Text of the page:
Soak the Rich: A non lesson from Europe.
This is getting alarming. Two very smart bloggers — Matthew Yglesias and Ezra Klein argue (using the term broadly) against soaking the rich. The bizarre thing is that they don’t present an argument that it would be bad policy and they certainly don’t present the argument that it is politically impossible. My good faith effort to detect a pragmatic argument in their posts is that they assume that not enough revenue can be raised by raising taxes on the rich. Note the word assume. They don’t say anything specific about the amount of revenue they think should be raised by taxes or the definition of “the rich” or how much money can be raised by this or that tax increase on the rich or anything.
I think the motivation of both posts is the observation that European taxes are, if anything, slightly less progressive than US taxes, but the European tax and transfer system is much much more equalizing than the US tax and transfer system (even if you don’t count services provided in kind like free medical care in income). Thus the argument seems to be: The USA should turn into Europe. Europe doesn’t have extremely progressive taxes. We shouldn’t soak the rich.
Support for my accusation that this is the argument and a counterargument after the jump.
Partly Klein and Yglesias are presenting a valid simple mathimatical (arithmetical really) point — progressivity is not a measure of the effect of the fiscal system on the distribution of income.
In fact, the point of both posts is that a tax and transfer system can reduce inequality even if the tax is not progressive. Obviously so long as the transfers (or publicly provided services) are directly more equally than pre-tax income. You don’t have to give more to the poor than the non poor, you don’t even have to give as much to the poor as the non poor, you just need that the poor’s share of the benefits is higher than the poor’s share of income (and so on up the distribution). Since the standard redistributive policy considered by economists is a flat tax used to fund equal grants to everyone, this is not news to me.
This is correct arithmetic but it is not of any practical interest to people in the USA. Increased transfers funded by increased taxes on the upper middle class might be good for the USA, but they are probably politically impossible. Increased taxes on the rich have overwhelming popular support. Klein and Yglesias don’t ever argue that it is better to tax the upper middle class than the rich, they just argue that it would be good too. So what ? It’s politically impossible and not (according to their arguments) as good as something that is politically possible).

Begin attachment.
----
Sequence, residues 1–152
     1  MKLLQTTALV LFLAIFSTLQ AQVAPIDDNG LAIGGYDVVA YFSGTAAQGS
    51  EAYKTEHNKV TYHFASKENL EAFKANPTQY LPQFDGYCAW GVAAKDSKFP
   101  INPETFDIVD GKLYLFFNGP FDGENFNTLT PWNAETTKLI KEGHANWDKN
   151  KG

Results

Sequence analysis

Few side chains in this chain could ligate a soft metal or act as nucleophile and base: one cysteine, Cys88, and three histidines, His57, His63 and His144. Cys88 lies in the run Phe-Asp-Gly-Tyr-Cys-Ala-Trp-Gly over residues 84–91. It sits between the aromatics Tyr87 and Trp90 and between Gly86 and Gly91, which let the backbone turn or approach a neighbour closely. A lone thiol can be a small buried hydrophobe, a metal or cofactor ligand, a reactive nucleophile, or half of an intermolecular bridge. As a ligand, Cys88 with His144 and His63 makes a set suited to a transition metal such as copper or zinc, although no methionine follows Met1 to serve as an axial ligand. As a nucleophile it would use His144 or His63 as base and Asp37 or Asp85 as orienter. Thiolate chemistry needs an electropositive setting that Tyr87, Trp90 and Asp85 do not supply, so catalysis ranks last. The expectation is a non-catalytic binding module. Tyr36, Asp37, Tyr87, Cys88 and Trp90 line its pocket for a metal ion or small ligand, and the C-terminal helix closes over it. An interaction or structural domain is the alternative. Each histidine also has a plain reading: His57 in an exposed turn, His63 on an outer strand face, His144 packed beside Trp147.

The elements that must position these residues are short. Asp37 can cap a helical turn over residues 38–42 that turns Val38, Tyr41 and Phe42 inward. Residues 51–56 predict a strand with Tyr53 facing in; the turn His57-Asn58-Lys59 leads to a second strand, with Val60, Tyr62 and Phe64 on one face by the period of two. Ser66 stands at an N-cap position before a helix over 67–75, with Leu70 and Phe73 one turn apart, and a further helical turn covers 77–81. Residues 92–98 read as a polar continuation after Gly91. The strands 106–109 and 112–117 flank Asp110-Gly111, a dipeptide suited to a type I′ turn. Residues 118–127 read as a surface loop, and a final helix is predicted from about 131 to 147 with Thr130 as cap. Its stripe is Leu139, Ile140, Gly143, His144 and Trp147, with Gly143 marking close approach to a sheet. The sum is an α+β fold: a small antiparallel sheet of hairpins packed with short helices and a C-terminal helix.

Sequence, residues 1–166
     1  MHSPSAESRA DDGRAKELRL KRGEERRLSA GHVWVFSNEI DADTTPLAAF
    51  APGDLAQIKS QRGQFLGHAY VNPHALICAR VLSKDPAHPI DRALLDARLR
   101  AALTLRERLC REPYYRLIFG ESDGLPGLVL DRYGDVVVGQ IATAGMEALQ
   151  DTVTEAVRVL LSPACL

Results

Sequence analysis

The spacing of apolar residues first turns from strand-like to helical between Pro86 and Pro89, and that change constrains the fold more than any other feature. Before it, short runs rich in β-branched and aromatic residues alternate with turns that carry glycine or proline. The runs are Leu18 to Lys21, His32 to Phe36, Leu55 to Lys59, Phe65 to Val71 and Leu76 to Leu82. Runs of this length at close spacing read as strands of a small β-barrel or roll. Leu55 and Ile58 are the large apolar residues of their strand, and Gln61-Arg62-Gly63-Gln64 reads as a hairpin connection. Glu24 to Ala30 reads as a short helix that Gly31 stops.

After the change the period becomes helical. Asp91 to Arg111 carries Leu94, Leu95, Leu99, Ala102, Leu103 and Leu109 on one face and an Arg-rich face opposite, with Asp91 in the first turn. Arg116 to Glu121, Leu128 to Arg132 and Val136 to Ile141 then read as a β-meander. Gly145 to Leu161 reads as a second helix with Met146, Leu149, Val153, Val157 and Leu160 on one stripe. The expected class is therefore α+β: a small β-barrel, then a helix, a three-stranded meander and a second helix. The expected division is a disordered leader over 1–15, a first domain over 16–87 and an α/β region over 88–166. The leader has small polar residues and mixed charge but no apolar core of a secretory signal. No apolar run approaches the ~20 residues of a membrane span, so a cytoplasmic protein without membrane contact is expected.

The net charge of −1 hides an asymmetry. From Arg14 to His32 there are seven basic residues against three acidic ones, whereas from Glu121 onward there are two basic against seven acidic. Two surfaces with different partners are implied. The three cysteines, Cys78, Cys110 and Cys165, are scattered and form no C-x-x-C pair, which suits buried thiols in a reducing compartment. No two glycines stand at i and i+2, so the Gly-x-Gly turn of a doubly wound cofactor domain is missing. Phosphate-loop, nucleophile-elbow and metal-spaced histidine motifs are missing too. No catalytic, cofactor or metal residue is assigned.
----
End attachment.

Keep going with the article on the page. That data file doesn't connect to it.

The only quantitative argument in either post is an observation about taxes in the USA and Europe (hence my claim that their argument amounts to saying Europe is perfect).
“You could easily imagine a somewhat more regressive tax structure that leads to a more progressive country.”
Look Ezra imagining something and even observing it on the other side of the Atlantic is very different from finding 60 votes for it in the senate. And one could also imagine a somewhat more progressive tax structure that leads to a more progressive country *and* maybe make it happen.
“That’s the case in Europe where more regressive taxes fund a much more progressive welfare state. The middle class pays more in health care taxes but gets much more in services.”
Yet Klein doesn’t investigate the origens of European tax policy *or* European outcomes at all. Surely he knows that Europe has had low employment growth compared to the USA. Has he heard of people who argue that the key issue is that European taxes are too regressive ? One, Romano Prodi, was prime minister of Italy until recently.
I’m another. When I present the argument to students, I have to laugh at myself for saying something so kackneyed. I mean Italians have been making the case for decades and they don’t have to pay me a salary to explain it to them.
Also why don’t Europeans soak the rich ? To a great extent it’s because they can’t. In Italy the rich are mostly self employed. It is just not possible to enforce high tax rates on them. In the USA the vaster majority of people are employees including the vast majority of the super rich. Plain old tax evasion is very difficult in the USA. This makes the optimal tax rate different there than here (in Italy)
Look at taxes in European countries where a similar fraction of people are self employed. Otherwise you are comparing apples and oranges which is silly totally aside from the fact that Klein assumes that oranges are perfect by definition.
Posted by: Robert Waldmann | April 13, 2009 11:48 PM